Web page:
Back in July, the House passed the American Clean Energy and Security Act (ACESA), a bill that lays the groundwork for a transition to a clean-energy economy by setting standards for carbon emissions. In addition to tackling the urgent issue of climate change, this bill represents an opportunity to create millions of new green jobs and to ensure that low-income people have the training and opportunity to access employment in emerging green sectors. Click here for a one-page resource on the connection between green jobs and poverty-reduction. In the House version of the ACESA bill, two key provisions help to carve out green pathways out of poverty:
- The Green Construction Careers Demonstration Project. This provision is designed to help low-income Americans move into middle class careers in the green economy for low-income Americans. This Project allows the Secretaries of Labor and Energy to target employment and training opportunities in green construction to workers and communities who traditionally have had little access to career-track jobs in the building trades.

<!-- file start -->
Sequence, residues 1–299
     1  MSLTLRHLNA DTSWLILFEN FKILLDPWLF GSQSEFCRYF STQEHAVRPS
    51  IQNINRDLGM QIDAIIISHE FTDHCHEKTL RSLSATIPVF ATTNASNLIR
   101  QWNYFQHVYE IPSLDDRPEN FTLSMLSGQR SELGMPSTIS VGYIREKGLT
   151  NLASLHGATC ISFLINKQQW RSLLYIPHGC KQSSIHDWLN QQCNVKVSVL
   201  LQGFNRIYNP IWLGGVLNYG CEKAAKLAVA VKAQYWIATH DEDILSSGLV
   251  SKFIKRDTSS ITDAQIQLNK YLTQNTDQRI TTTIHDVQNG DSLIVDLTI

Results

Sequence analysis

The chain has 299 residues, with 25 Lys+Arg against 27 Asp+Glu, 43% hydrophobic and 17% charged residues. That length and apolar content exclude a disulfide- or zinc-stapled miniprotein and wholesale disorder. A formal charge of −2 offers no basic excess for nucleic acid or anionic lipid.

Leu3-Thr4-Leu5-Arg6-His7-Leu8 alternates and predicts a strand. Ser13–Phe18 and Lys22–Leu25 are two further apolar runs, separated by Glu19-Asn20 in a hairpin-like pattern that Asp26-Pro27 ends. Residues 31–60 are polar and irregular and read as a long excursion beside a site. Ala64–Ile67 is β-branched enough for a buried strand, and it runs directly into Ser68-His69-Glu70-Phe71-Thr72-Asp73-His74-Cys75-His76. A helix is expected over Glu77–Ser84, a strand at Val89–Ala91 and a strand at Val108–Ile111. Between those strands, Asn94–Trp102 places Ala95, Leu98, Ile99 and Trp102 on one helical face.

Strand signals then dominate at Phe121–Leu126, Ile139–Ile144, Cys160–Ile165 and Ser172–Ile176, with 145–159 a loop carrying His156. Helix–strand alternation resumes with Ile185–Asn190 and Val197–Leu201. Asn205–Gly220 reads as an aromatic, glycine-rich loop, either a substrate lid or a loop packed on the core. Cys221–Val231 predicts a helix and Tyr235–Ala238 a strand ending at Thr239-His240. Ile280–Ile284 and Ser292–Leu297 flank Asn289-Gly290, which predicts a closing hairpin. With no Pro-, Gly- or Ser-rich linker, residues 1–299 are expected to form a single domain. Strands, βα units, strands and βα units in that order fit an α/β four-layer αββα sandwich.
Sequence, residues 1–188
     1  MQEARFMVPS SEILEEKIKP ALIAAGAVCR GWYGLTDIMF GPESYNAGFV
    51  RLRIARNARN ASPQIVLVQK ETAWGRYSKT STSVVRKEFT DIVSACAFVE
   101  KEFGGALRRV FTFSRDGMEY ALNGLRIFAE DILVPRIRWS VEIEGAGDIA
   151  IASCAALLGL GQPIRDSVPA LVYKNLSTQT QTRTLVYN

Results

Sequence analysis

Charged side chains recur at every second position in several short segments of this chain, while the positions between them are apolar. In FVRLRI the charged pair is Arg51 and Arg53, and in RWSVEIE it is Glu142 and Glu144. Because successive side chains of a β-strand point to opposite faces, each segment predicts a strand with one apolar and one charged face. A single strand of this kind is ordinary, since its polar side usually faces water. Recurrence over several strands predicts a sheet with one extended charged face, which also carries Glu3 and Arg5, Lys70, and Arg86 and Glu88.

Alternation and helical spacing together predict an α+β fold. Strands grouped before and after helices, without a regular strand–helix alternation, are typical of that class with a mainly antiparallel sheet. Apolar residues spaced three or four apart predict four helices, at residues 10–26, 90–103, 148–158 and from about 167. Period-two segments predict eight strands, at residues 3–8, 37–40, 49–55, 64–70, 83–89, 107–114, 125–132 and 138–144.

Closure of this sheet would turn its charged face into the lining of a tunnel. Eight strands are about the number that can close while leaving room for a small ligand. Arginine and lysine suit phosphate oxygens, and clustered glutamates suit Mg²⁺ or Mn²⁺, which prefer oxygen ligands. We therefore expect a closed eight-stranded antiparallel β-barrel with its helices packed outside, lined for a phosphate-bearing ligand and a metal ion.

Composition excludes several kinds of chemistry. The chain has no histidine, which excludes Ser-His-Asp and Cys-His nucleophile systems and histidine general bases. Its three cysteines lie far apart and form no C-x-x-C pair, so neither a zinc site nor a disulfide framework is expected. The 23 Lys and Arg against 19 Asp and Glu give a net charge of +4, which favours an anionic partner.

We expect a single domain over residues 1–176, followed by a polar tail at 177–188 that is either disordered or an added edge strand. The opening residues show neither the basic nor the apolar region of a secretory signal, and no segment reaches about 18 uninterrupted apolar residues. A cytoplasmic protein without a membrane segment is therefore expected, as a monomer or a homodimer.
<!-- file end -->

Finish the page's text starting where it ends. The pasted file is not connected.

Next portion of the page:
- Funding for the Green Jobs Act. The Green Jobs Act is an existing program that helps those workers most impacted by unemployment and pollution to connect with the training and support they need to participate in the green economy. The House version of ACESA allocates 0.75% of the allowance value of carbon emissions (approximately $860 million) to the Green Jobs Act in 2012 and 2013. As the Senate moves forward, we must urge them to build on these provisions, allocating allowance values to the Green Jobs Act beyond 2013 in order to meet the ongoing demand for skilled workers in the clean energy economy.
It is up to us to ensure that the transition to a clean-energy economy will lead to meaningful poverty-reduction and that communities are not left out of the opportunities presented by the emerging, green sectors. Please schedule a meeting with your Senators during August recess. NOW is the time to weigh in on these policy principles, as the Senate will begin tackling this critical legislation this fall.